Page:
a. Bacterial fragments activated acute-phase responses.
b. Bacteria acquired resistance and spread through the host.
c. Cephalosporins are pyrogens.
d. Dead bacteria clogged the CSF.
e. Third-generation cephalosporins are unable to penetrate into the bacteria.

 

ANS: A

 

  1. Match the virulence factors with the appropriate consequences.

Capsule

 

a. Activation of adenylate cyclase
b. Activation of cytokine production
c. Attachment
d. Invasion
e. Phagocytic escape

 

ANS: E

 

  1. Match the virulence factors with the appropriate consequences.

Cholera toxin

 

a. Activation of adenylate cyclase
b. Activation of cytokine production
c. Attachment
d. Invasion
e. Phagocytic escape

 

ANS: A

 

 

  1. Match the virulence factors with the appropriate consequences.

Enterotoxigenic E. coli (ETEC)

 

a. Activation of adenylate cyclase
b. Activation of cytokine production
c. Attachment
d. Invasion
e. Phagocytic escape

 

ANS: A

 

  1. Match the virulence factors with the appropriate consequences.

Fimbriae

 

a. Activation of adenylate cyclase
b. Activation of cytokine production
c. Attachment
d. Invasion
e. Phagocytic escape

 

ANS: C

 

  1. Match the virulence factors with the appropriate consequences.

Lipase

 

a. Activation of adenylate cyclase
b. Activation of cytokine production
c. Attachment
d. Invasion
e. Phagocytic escape

 

ANS: D

 

  1. Match the virulence factors with the appropriate consequences.

Lipopolysaccharide

 

a. Activation of adenylate cyclase
b. Activation of cytokine production
c. Attachment
d. Invasion
e. Phagocytic escape

 

ANS: B

 

  1. Match the virulence factors with the appropriate consequences.

Lipoteichoic acid

 

a. Activation of adenylate cyclase
b. Activation of cytokine production
c. Attachment
d. Invasion
e. Phagocytic escape

 

ANS: C

 

  1. Match the virulence factors with the appropriate consequences.

M protein

 

a. Activation of adenylate cyclase
b. Activation of cytokine production
c. Attachment
d. Invasion
e. Phagocytic escape

 

ANS: C

 

  1. Match the virulence factors with the appropriate consequences.

Shiga toxin

 

a. Activation of adenylate cyclase
b. Activation of cytokine production
c. Attachment
d. Invasion
e. Phagocytic escape

 

ANS: D

 

  1. Match the virulence factors with the appropriate consequences.

Toxic shock syndrome toxin

 

a. Activation of adenylate cyclase
b. Activation of cytokine production
c. Attachment
d. Invasion
e. Phagocytic escape

 

ANS: B

 

 

Murray: Medical Microbiology, 6th Edition

 

Chapter 36: Francisella and Brucella

 

Test Bank

MULTIPLE CHOICE

 

  1. Tularemia, characterized by glandular, ulceroglandular, oculoglandular, oropharyngeal, systemic, and pneumonic presentations, is caused by which bacterium?
a. Brucella
b. Bordetella
c. Pasteurella
d. Francisella

 

ANS: D

 

  1. A butcher with a granuloma on his hand presents with chills, sweats, and fatigue over the past 6 weeks. He reports a 20-pound weight loss and a fever that comes and goes in an undulating pattern. Which of the following infections is most likely?
a. Brucella abortus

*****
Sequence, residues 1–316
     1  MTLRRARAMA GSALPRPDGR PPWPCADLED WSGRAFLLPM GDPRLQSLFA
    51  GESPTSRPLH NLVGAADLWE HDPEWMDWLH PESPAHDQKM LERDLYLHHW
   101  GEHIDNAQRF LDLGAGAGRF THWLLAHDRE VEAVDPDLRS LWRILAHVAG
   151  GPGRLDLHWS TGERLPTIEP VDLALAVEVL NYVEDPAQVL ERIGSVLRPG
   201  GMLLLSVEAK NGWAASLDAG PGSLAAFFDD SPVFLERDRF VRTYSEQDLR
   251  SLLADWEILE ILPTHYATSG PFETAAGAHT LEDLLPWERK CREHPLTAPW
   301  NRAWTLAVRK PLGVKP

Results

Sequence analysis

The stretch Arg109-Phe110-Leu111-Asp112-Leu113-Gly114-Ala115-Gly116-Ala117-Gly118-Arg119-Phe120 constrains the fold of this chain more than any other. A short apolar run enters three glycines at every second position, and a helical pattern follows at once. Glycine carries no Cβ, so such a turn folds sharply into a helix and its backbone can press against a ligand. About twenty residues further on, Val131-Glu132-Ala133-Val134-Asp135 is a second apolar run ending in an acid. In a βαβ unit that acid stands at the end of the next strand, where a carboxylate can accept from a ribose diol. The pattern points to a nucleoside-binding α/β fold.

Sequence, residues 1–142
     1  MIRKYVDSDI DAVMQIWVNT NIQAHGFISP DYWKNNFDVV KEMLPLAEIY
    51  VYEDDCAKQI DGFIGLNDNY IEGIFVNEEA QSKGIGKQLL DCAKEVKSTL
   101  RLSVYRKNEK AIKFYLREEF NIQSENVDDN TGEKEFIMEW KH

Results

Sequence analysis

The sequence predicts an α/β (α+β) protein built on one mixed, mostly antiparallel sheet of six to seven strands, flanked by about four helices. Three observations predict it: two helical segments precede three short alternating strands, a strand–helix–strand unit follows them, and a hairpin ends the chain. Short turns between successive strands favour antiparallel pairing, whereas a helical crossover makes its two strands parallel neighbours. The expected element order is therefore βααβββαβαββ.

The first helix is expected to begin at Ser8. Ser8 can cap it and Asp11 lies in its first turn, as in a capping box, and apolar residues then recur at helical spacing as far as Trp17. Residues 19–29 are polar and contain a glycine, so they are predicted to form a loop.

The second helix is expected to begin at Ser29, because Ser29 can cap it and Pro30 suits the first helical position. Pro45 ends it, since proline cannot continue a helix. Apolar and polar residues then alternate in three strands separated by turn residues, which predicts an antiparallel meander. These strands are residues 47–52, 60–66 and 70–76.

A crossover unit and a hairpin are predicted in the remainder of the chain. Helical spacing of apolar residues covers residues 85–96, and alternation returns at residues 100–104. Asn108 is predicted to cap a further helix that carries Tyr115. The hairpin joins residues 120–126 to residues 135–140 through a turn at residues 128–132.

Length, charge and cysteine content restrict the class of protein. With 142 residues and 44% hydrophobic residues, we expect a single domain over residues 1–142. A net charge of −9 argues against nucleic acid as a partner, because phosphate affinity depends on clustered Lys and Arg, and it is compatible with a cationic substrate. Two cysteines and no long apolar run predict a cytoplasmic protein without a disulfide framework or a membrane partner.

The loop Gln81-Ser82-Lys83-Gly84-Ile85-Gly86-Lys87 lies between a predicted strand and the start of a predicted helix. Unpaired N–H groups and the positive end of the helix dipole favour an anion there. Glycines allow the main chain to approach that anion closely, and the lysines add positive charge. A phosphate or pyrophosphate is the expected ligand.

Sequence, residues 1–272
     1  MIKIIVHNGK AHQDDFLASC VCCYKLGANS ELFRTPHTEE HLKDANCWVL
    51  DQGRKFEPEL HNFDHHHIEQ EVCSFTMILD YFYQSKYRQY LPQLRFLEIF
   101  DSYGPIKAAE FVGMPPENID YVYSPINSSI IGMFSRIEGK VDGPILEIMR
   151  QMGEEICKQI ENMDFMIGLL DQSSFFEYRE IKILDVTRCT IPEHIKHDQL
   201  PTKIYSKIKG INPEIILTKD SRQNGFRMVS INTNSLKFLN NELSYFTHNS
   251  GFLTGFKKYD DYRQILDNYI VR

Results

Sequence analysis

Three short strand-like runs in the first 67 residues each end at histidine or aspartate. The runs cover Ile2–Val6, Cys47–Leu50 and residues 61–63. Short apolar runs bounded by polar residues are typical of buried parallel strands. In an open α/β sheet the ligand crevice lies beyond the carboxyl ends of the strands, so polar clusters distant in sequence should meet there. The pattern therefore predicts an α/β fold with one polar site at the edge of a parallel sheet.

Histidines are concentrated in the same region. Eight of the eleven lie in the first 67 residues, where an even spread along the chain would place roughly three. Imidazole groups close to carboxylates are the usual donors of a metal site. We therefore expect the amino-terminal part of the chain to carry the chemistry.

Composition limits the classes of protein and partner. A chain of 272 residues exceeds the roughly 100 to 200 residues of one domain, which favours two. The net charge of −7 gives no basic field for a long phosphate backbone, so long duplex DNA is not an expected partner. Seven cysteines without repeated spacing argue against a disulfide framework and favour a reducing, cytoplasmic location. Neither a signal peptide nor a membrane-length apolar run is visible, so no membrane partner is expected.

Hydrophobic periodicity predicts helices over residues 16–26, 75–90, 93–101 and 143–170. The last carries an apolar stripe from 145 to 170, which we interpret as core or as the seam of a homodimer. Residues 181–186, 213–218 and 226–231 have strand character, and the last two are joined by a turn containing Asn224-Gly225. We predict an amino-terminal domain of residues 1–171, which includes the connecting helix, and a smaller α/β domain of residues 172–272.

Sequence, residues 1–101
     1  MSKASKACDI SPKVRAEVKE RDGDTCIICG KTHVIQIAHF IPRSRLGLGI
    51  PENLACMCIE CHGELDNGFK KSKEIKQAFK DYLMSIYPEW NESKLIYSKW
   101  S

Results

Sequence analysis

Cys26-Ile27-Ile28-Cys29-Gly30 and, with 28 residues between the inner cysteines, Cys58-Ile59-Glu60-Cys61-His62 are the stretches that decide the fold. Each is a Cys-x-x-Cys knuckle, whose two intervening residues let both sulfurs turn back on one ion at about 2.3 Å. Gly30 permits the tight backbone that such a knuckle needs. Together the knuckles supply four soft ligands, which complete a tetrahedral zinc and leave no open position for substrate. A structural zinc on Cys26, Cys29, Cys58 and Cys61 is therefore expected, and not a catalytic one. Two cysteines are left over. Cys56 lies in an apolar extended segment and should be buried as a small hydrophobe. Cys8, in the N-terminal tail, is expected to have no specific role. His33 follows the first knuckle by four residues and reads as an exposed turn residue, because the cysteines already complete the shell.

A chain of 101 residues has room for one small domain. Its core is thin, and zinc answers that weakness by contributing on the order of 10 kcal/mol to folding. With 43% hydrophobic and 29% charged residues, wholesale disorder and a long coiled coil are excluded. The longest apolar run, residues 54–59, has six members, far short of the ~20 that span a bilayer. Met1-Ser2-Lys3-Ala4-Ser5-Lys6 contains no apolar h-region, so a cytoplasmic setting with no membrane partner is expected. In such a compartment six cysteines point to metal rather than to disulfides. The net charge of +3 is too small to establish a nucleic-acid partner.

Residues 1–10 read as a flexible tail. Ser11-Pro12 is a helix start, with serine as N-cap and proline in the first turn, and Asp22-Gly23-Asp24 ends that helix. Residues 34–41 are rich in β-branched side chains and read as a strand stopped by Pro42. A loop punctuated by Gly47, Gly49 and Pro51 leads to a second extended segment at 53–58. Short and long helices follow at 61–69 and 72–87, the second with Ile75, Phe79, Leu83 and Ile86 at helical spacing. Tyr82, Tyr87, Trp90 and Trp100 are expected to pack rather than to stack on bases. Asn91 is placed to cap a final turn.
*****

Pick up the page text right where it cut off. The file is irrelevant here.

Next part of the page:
b. Chlamydia psittaci
c. Mycobacterium tuberculosis
d. Plasmodium falciparum
e. Streptococcus pyogenes

 

ANS: A

 

  1. A rabbit breeder has a large, ulcerative skin lesion on the back of his hand, lymphadenopathy, and fever, chills, and malaise. Tularemia is suspected. Which of the following virulence mechanisms is a distinguishing characteristic of the infecting microbe?
a. A-B toxin production
b. -Lactamase production
c. Intracellular growth
d. Release of lipo-oligosaccharide
e. Wax layer protection

 

ANS: C

 

  1. Which of the following risk factors is associated with Brucella infection?
a. Aerosols from air-conditioner towers
b. Raw chicken
c. Snails
d. Undercooked hamburger
e. Unpasteurized milk

 

 

ANS: E

 

Murray: Medical Microbiology, 6th Edition

 

Chapter 54: Poxviruses

 

Test Bank

MULTIPLE CHOICE

 

  1. A 5-year-old child has a patch of wartlike skin lesions that are pearl-like raised nodules that exude a caseous plug upon squeezing. They are suspected to be molluscum contagiosum. Which of the following describes the virus causing this infection?
a. Circular dsDNA virus that replicates in the nucleus
b. Linear dsDNA virus that replicates in the cytoplasm
c. Linear dsDNA virus that replicates in the nucleus
d. Linear (+)ssRNA virus that replicates in the cytoplasm
e. Linear (+)ssRNA virus that replicates in the nucleus

 

ANS: B

 

  1. Why was routine immunization with vaccinia virus discontinued?
a. The price of the vaccine was too high.
b. The risk of disease outweighed the benefits.
c. The vaccine reverted to wild-type virulence.
d. The endemic virus shifted serotype, and the vaccine was no longer effective.
e. Vaccinia virus has been successfully controlled.

 

ANS: B

 

 

Murray: Medical Microbiology, 6th Edition

 

Chapter 82: Blood and Tissue Protozoa

 

Test Bank

 

MULTIPLE CHOICE

 

  1. A 65-year-old missionary is seen on an emergency basis in November complaining of fever and chills which recur every 48 hours. Which of the following details from the patient history would be most helpful in making the diagnosis?
a. Failed to get annual influenza immunization
b. Family member with runny nose and fever
c. Recent meal from a street vendor
d. Recent return from mission in Liberia
e. Undergoing therapy for prostate cancer

 

ANS: D

 

Write a review

Your Name:


Your Review: Note: HTML is not translated!

Rating: Bad           Good

Enter the code in the box below:



 

Once the order is placed, the order will be delivered to your email less than 24 hours, mostly within 4 hours. 

If you have questions, you can contact us here